That Reps Order On MMM

SIR: I read the report of the order given by the House of Representatives, directing the Economic and

Financial Crime Commission, EFCC and the Central Bank of Nigeria, CBN to swiftly go after the promoters of the famous “wonder-working bank” that has monopolised the economic space of the ‘common’ and ‘non-common’ Nigerians, known was Mavrodi Mondial Moneybox a.k.a MMM.

The members overtly assumed, in the temperament of the said order, the role of a passionate father and a good ‘shepherd’, whose primary concern is to watch over the flocks, one who would not allow any stint of untoward thing to befall the sheep. There may not be any crime in that, and in fact one must not but applaud such a caring attitude, but only when the illocution and genuineness of such generosity is not self-styled, or questionable.

The argument of the lawmakers was that MMM, “was not regulated by law or approved by CBN as a secure business venture” and that it “made Nigerians more vulnerable”. One cannot but to just wonder at the very implicating though interesting lexicons used to describe the scheme as being a “scam and a “trick”.

The main crux of my lamentation is that the government or any of its organs or agencies has no moral impetus to choose for Nigerians what to do and what not to; especially in such a pitiable situation where the nation’s economy is radically deteriorating every day while the government is utterly confused and seems not to have a way out.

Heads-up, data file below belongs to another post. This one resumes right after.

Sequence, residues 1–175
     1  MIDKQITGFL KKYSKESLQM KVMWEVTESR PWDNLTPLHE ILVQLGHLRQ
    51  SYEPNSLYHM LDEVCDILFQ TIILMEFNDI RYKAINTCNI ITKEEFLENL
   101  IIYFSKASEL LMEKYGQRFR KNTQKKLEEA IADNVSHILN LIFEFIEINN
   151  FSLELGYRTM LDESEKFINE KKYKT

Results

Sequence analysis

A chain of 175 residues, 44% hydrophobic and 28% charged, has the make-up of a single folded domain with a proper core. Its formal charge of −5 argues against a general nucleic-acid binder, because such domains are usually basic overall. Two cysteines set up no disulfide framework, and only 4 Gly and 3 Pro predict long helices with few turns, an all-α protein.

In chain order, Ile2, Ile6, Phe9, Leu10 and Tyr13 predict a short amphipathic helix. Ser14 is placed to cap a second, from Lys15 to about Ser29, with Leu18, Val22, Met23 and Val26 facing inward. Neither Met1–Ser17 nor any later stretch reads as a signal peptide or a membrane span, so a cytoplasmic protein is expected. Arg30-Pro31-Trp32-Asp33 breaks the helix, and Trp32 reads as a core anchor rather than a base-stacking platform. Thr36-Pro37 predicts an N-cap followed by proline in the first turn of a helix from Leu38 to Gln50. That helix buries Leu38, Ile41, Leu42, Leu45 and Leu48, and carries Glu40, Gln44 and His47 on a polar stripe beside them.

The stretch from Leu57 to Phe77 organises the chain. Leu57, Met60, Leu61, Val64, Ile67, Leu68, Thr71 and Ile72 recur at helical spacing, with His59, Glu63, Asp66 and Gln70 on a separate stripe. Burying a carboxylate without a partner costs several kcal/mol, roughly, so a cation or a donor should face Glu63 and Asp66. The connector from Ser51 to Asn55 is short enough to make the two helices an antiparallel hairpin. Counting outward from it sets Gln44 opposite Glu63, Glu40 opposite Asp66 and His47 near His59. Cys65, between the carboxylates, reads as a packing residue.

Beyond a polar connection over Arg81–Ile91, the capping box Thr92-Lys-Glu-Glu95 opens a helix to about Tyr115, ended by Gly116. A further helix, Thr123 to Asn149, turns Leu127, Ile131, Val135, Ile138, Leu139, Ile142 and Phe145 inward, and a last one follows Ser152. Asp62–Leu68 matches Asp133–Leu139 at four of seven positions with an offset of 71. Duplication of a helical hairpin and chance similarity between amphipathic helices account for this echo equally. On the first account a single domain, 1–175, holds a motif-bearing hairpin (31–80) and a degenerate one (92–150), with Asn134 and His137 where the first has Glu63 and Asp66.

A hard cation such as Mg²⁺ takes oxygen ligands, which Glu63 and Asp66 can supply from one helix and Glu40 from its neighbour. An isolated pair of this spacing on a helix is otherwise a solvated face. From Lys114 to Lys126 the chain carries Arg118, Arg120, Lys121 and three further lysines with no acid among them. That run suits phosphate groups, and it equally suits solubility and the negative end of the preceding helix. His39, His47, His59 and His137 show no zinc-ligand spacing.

Whether MMM is a legal or illegal business is an ethical question that that will lead to an open-ended debate. It is an incontrovertible fact that Nigeria runs one of the most expensive legislatures in the world. The incentives attached to the running of our legislature are nothing compared to the output we are getting from our hallowed and hollowed chambers; our legislature, frankly, is a white elephant project.

My angst against the government is that we have many people seated in ‘high places’ with totally dead or moribund conscience. For how can a government ask one, being a poor man, to make a sacrifice with, say his meagre earnings, while they are living an overt opulence and affluence? How does one reconcile a situation where the clueless, those that are bereft of ideas, who know nothing about the real business of legislature or governance, are the ones ruling and lording over the intelligentsia?

The German philosopher, Yogens Hevamas once said that “Modernity is about public sphere and the quality of conversations that go on”.”No wonder the country is where it is today.

Matthew Ige,